Balancing Chemical Equations Cornell Doodle Notes and Powerpoint

Balancing Chemical Equations Cornell Doodle Notes and Powerpoint
Balancing Chemical Equations Cornell Doodle Notes and Powerpoint
Balancing Chemical Equations Cornell Doodle Notes and Powerpoint
Balancing Chemical Equations Cornell Doodle Notes and Powerpoint
Balancing Chemical Equations Cornell Doodle Notes and Powerpoint
Balancing Chemical Equations Cornell Doodle Notes and Powerpoint
Balancing Chemical Equations Cornell Doodle Notes and Powerpoint
Balancing Chemical Equations Cornell Doodle Notes and Powerpoint
Grade Levels
Common Core Standards
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5 MB|35 pages
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This resource is also part of the Physical Science Cornell Doodle Notes Growing Bundle!

These scaffolded Balancing Chemical Equations Cornell Doodle Notes combine two effective note-taking strategies and can be used to introduce the concept of balancing chemical equations and the Law of Conservation of Mass. These notes review chemical formulas including coefficients and subscripts, differentiate between word, skeletal, and balanced equations, use two non-chemistry analogies to help students visualize what a balanced equation means, give steps for balancing an equation, and include a few practice problems. Please note that these notes are meant to be an introduction to the process and they do not cover polyatomic ions.

The concepts here align with NGSS MS-PS1-5 (Develop and use a model to describe how the total number of atoms does not change in a chemical reaction and thus mass is conserved) and HS-PS1-7 (Use mathematical representations to support the claim that atoms, and therefore mass, are conserved during a chemical reaction). These notes also represent the crosscutting concepts of patterns, and energy and matter.

Cornell Notes are a note-taking strategy in which topic questions are written in a narrow left-hand column and definitions, explanations, and diagrams are filled in in the right-hand column.

Doodle Notes (or Sketch Notes) are another note-taking strategy for which pictures and graphics activate the visual pathways of the brain, which helps with retention of information when compared to standard note-taking. Your visual learners will really benefit from seeing and coloring in the pictures aside the main points of the notes!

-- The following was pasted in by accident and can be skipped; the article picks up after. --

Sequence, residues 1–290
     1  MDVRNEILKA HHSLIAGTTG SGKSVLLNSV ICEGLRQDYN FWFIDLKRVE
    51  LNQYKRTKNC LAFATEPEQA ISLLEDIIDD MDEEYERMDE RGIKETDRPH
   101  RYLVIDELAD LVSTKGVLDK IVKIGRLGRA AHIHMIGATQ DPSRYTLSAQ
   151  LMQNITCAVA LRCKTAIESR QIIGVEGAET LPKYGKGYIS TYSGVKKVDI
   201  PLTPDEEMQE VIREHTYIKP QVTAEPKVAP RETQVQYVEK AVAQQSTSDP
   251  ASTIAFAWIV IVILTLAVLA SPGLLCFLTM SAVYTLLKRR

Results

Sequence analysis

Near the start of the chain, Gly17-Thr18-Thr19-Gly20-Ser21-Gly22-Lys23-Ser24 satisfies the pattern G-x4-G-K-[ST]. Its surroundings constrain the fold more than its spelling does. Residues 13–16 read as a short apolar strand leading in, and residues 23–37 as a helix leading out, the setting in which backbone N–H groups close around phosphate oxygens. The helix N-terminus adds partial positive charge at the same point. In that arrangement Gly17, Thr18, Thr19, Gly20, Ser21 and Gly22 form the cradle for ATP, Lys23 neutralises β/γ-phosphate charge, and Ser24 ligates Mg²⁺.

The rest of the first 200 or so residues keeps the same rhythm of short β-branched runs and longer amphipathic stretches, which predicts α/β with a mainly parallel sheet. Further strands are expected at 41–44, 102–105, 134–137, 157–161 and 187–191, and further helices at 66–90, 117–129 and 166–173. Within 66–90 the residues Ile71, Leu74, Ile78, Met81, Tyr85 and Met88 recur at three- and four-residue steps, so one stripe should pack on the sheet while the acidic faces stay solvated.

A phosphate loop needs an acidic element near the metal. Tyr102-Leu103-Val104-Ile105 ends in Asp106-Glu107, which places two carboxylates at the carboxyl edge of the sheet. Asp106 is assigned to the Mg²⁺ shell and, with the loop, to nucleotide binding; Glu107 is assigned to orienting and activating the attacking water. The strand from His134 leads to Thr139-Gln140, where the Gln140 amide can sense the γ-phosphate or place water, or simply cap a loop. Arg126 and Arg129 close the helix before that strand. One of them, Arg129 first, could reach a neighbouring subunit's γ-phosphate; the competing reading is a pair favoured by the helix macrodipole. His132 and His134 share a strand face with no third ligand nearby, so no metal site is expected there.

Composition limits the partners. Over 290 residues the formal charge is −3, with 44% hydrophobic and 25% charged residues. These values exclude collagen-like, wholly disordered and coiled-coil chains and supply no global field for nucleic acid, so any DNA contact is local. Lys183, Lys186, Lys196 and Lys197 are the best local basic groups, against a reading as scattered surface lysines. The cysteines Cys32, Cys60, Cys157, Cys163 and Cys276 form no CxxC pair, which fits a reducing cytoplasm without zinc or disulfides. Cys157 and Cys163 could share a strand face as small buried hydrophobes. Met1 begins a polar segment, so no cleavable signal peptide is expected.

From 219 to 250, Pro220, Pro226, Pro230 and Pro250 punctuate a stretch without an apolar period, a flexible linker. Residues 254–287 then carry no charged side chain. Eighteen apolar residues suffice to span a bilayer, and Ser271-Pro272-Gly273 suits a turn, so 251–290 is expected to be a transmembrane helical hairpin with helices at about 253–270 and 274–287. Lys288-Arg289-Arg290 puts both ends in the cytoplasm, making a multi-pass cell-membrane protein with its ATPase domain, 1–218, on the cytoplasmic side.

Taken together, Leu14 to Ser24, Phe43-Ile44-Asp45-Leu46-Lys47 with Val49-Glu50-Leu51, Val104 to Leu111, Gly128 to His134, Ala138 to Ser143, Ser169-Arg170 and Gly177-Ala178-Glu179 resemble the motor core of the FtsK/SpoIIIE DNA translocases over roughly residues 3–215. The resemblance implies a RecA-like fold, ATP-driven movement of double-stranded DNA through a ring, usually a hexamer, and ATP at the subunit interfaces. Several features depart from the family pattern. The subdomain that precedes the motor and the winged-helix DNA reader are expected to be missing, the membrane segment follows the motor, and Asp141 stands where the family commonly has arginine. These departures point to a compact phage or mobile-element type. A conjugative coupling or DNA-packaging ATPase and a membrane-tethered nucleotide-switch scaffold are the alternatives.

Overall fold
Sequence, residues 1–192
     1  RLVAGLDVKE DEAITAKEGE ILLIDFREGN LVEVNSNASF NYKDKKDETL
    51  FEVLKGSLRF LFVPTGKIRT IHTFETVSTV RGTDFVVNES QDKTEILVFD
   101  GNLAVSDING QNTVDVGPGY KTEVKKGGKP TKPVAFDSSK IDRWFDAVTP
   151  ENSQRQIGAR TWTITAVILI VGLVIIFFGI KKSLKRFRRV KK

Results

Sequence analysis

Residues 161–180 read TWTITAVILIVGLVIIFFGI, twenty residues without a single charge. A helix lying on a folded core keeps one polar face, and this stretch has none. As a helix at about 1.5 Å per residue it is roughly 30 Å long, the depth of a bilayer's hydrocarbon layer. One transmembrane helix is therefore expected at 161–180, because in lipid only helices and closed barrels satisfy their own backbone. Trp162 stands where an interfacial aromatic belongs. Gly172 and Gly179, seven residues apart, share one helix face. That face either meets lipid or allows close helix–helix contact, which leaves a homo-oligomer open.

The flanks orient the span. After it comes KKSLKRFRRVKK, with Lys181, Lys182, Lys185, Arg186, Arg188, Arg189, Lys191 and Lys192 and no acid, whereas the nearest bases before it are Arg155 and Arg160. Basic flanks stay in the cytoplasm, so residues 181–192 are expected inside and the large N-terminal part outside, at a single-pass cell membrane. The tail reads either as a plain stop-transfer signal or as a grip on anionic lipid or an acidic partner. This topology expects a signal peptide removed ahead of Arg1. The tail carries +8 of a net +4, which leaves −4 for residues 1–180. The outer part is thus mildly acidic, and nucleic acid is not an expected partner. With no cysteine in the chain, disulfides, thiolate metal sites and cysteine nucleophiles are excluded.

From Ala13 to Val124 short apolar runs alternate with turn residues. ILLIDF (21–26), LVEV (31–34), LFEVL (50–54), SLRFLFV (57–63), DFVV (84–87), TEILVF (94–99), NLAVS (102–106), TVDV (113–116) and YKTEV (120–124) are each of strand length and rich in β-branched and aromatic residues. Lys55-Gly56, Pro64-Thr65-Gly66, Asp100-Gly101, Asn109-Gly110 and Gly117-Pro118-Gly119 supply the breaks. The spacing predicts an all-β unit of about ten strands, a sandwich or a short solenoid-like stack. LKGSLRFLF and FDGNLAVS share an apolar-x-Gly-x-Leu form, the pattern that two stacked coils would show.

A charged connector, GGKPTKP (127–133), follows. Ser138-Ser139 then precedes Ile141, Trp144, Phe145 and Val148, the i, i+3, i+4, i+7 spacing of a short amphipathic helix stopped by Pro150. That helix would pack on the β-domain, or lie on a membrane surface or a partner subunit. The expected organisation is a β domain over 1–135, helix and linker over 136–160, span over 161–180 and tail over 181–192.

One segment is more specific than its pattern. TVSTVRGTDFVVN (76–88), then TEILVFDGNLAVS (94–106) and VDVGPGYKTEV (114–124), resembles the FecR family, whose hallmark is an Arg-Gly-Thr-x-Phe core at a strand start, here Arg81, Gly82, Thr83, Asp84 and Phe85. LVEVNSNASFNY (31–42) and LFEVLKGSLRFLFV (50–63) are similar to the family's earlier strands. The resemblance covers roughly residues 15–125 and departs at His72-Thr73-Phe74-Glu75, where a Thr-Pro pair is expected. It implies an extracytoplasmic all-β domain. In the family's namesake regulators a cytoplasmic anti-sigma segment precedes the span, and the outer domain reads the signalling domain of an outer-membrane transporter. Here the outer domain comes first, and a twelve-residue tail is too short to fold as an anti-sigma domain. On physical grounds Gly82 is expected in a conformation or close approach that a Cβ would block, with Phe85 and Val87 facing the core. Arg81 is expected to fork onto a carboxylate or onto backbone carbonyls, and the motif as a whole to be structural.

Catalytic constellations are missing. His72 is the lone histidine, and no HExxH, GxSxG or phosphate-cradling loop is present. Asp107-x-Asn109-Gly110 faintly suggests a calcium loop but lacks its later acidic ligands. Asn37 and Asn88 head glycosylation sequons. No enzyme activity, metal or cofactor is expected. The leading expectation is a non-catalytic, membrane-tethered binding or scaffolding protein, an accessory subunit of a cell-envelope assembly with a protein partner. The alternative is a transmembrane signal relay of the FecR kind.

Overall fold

I created a Powerpoint that goes with these notes. The Powerpoint walks the students through the lesson from the Essential Question and through all of the Topic Questions. There is a “Sum It Up” section at the end of the notes, for which students practice applying the concepts. This section includes a short ‘Quick Watch’ TedEd video on the Law of Conservation of Mass.

The Cornell Doodle Notes are 4-pages and there are 3 scaffolded versions plus the answer key included.

The Powerpoint is included and there are also directions for accessing the presentation via Google Drive (Google Slides). This is obviously optional depending on how you choose to use this in your classroom.

Here are some ways that I suggest using this product:

✎ Whole-Group lesson with scaffolding : decide which students should receive which level of the notes. Hand out the notes to the students. Use the Powerpoint as a presentation and talk aloud through the lesson while the students take notes. Allow them to color/doodle further after each section and at the end of the lesson. {If you have a document camera (an ELMO), you can fill out your own notes and the students can follow along with you as you discuss the concepts aloud!}

✎ Scaffolded Small-Group lesson : separate your students into groups by learning level. Give each student group sets of the appropriate notes for their level. Make sure each group has a device to view the presentation. Post the Powerpoint or Google Slides to your Google Classroom or other online learning platform, or email the Powerpoint version to one ‘student leader’ in each group. The students would view the Powerpoint/Slides together on one device and fill in the notes. . Encourage them to add color/further notes.

✎ Individual Note-Taking or Flipped Classroom : Post the Powerpoint to your Google Classroom or other online learning platform or hand out the Google access directions to your students.. Hand out the appropriate-level notes to each student. Students can work at their own pace to view the presentation and complete their notes. Encourage them to add color/further notes.

Please note that this resource is not editable due to font and clip art licensing agreements.

If you are teaching a unit on chemical reactions, you may also be interested in these resources:
Counting Atoms in Chemical Formulas Magic Pixel Picture Review
Conservation of Matter Lab

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Sunrise Science
Total Pages
35 pages
Answer Key
Included
Teaching Duration
40 minutes
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$4.50
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